The phrase “hardware is hard” is tossed around every time some gadget startup closes its doors. But business is hard as well, which is why most startups will fail whether they are shipping software or hardware. To give your gadget startup the edge though, it makes sense to hire the right team.
In last week’s Internet of Things Podcast I had Elecia White, a embedded systems engineer and host of the Embedded podcast come on the show to discuss what it takes to build a connected device that can scale to 100,000 units. I asked what she needed if budget were no object, to make a product that was secure, manufacturable and profitable. First off, she says you need a systems engineer to look over all the pieces to make sure that they’re all going to fit together at the end. That person will talk to a mechanical engineer who designs the device and makes sure that the electronic boards fit into the device.
From there you’ll want an electrical engineer who will design boards and make sure that they’re manufacturable, and that their parts are all going to be available in time to ship this product when planned. Then you’ll need an embedded software engineer who works on the software inside the product to make sure that the security, the connectivity, the firmware updates, as well as all of the features that you’re actually building into this product are there. Plus, they will make sure those features fit on a processor that is cheap enough to build them on.
And when it comes to that processor, she says she loves prototyping boards like the Raspberry Pi, but not for a project that needs to scale. “If you’re going to build 100,000 of something, you want something more efficient, more direct,” White says. “Something may be resource constrained, because it only needs to do the things you want it to do. You’re building a product, you’re not building a computer. The Raspberry Pi is a computer, and you can hide it inside a product, but your product’s going to be cheaper if you actually build the product.”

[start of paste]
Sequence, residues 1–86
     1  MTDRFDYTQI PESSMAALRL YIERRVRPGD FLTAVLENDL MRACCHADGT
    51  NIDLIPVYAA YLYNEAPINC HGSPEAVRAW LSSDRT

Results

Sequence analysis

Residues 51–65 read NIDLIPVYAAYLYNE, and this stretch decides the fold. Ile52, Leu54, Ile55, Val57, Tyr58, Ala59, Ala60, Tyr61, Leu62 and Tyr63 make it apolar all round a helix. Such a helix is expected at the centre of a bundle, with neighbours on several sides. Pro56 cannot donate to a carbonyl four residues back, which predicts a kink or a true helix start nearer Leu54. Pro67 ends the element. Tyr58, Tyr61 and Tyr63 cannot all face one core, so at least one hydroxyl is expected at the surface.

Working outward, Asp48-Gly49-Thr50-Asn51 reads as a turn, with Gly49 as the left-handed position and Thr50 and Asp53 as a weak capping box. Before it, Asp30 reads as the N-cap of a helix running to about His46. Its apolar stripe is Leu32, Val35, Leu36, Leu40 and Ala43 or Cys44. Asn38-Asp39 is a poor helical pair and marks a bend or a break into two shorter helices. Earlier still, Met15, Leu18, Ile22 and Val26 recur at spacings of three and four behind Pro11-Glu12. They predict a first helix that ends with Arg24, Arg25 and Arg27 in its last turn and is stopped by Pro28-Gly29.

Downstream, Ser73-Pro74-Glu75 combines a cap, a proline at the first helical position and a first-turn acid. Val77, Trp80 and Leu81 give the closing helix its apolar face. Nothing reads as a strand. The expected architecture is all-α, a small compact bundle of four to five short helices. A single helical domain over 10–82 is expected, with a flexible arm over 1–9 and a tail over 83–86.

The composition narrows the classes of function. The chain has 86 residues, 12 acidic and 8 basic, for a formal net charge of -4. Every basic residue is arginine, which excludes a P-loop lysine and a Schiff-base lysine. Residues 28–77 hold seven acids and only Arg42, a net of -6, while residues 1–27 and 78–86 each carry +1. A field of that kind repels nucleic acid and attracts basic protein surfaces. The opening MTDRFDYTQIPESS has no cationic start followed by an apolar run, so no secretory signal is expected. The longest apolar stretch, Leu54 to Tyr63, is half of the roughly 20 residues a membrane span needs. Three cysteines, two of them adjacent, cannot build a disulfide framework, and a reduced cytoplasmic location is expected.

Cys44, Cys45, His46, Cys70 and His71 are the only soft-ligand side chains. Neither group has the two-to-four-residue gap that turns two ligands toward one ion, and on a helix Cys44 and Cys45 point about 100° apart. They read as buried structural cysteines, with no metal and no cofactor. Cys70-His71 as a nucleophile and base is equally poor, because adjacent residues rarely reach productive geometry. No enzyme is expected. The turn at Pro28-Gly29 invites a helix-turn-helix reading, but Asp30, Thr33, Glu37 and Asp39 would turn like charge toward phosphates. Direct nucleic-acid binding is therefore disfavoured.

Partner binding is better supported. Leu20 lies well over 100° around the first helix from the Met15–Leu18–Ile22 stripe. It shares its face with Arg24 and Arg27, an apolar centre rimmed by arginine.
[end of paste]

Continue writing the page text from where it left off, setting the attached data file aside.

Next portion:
You’ll also need a manufacturing engineer, the person who at the end makes sure that you can build 100,000 of your products on the line. That person is going to optimize the product and process so a firmware update step that might take 20 minutes now only takes five, and that means your throughput is faster and your whole system can cost less.
Finally, on the other side, you still need the software engineer, plus the back-end developers and web developers so you have a good app and a good product. That’s a lot of people, but if you can’t hire them all, there are other options, such as contract manufacturing firms like Flex or Jabil.
“If you want to build this, you’re going to have to at least be that systems engineer who can talk to everybody,” she says. “That means knowing a little bit about all the pieces: Enough mechanical engineering to know where the problems are, enough electrical engineering to use the right words, and enough embedded systems engineering to hire somebody who can balance your needs for speed, efficiency, power optimization, cost, and getting it to market on time.”
After explaining what a fully developed IoT product team looks like, White emphasized some of the other challenges associated with building connected devices, such as the cost of security. Security is expensive, she says, but if you can optimize on your hardware costs, it’s possible that you can build a secure product that sells closer in price to the cheap knockoffs that have zero attention paid to their security.
“I keep bringing up cost because it is something that is very important with the internet of things,” she says. “It’s why we choose the $4 poorly secured systems instead of the $30 well secured systems. The amount of software in them, the amount of hardware in them isn’t that different. It’s just how well it’s designed. If we can get these $30 designs to be $10, then maybe we can start convincing people to use the good stuff.”
One can only hope. Click below to listen to White’s interview.